18. What are my biggest setbacks or failures in life? What did I learn and how might I share that learning with others?
  19. What pain injustice or unhappiness have I experienced or witnessed that I just can’t tolerate?
  20. What societal problems do I deeply care about?
  21. What would I do if nobody would know about it?
  22. What am I curious about?
  23. What section of a bookstore am I most drawn to browse?
  24. What are my deepest held beliefs across all areas of my life?
  25. What matters most in my life? What is truly important?
  26. What am I willing to sacrifice for?
  27. Why do I want what I want?
  28. Where do I feel the strongest sense of belonging? What communities are my people?
  29. Which famous people most inspire me? Who are my heroes and heroines? What do I see as their life purpose or mission?

Mission (How will I get there?)

  1. Who do I want to help and serve?
  2. How do I want to share my time, talent, and resources?
  3. What problems can I solve for others? What problems have I solved for myself that I can solve for others?
  4. What do I want to be known for?
  5. What are my deepest priorities?
  6. How can I best live my values? How do these values shape my decisions and actions?
  7. What are the principles I wish to live by?
  8. How can I best use my strengths? What am I good at?
  9. What do personality assessments suggest about my mission?
  10. What three things do I most enjoy at work?
  11. What roles and responsibilities do I enjoy most? Of all the roles I’ve been in, which ones were the best fit for me? Why?
  12. What would I do if I had unlimited time, resources, and money?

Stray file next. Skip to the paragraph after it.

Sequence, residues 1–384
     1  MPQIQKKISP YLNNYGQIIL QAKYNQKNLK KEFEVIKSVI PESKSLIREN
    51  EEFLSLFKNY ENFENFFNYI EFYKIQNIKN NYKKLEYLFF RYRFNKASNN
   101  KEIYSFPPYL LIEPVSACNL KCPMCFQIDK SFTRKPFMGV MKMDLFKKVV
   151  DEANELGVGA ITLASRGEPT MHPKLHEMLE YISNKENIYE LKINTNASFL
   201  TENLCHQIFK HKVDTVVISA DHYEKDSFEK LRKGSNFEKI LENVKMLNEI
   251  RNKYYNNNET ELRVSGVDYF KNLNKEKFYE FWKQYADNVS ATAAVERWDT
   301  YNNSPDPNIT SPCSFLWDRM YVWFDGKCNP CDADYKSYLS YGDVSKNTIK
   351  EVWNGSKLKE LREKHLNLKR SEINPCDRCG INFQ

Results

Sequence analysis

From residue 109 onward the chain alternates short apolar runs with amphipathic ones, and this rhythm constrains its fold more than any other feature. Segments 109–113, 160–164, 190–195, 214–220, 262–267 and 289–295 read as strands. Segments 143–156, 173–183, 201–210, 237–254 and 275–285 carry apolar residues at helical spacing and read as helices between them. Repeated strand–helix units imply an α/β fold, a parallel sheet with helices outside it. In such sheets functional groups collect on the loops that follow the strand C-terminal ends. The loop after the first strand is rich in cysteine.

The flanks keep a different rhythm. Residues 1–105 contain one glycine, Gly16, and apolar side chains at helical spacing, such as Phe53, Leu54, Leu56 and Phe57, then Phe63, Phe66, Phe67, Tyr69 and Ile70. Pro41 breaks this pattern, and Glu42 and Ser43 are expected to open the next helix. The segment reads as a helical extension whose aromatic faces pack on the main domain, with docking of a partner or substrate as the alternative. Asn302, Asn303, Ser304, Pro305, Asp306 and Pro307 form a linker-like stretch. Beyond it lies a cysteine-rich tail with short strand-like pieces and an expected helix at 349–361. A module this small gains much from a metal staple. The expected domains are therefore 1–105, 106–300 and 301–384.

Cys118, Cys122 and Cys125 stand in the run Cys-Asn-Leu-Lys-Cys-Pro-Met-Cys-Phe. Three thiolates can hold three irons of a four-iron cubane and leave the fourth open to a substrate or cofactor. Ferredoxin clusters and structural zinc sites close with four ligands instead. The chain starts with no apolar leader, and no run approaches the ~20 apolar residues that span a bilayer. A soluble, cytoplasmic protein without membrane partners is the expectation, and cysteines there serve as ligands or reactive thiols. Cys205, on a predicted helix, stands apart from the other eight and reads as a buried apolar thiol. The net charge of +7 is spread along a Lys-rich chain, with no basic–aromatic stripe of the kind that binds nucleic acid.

13. What do I really love doing? What am I willing to do for free?
  14. What would I do if I won the Powerball lottery?
  15. What would I do if I knew I couldn’t fail?
  16. What would I do if I weren’t afraid of judgment or embarrassment?

Vision (Where am I going?)

  1. What do I want most in life? What is my heart’s desire? What do I dream of doing?
  2. What do I need that is currently missing from my life?
  3. How do I define personal and professional success?
  4. What does the best version of myself look like? How has my identity shifted from today?
  5. What kind of spouse, parent, colleague, etc. do I want to be?
  6. What enduring relationships do I want in my life? 
  7. What do I want my personal brand to be?
  8. What has my life experience told me already about my destiny? Am I okay with that? How would I like to adjust my trajectory?
  9. What am I being told I “Should” do? (typically, this is what not to include in your personal vision)
  10. Where do I most often procrastinate? How could I eliminate that from my life?
  11. How can I express my creativity more boldly?
  12. What obstacles should I expect to encounter? If I had a magic wand, how would I make these obstacles disappear?
  13. Name three things that would be part of my ideal job.
  14. Is my work a job, a career, or a calling? If not already a calling, what would it take to elevate to a calling? What would that calling be?
  15. What type of environment do I thrive in? 
  16. What kind of lifestyle do I want?
  17. What does my ideal day, week, and month look and feel like? What do I do? Where do I live? Who am I with? Etc.
  18. What type of people do I enjoy being around?
  19. How can I create more happiness and joy in my life?
  20. What do I want to learn more about? How do I want to grow personally, professionally, and spiritually?
  21. What characteristics do I see in others that I want to model?
  22. What do I intend to do before I die?
  23. What would I do if I only had one year to live?
  24. What is the legacy that I wish to leave behind when I die?
  25. How would I like to be remembered when I die?
  26. If I were to die today, what would be my biggest regret?
 

The next article in this series-within-a-series introduces exercises for creating personal statements and a couple of complementary frameworks.

Over To You

Have I missed any of your favorite questions? What questions have been most helpful in your work to create personal purpose, mission, and vision statements?

NOTE: Links to books are Amazon affiliate links, for which I receive a small commission on any purchases.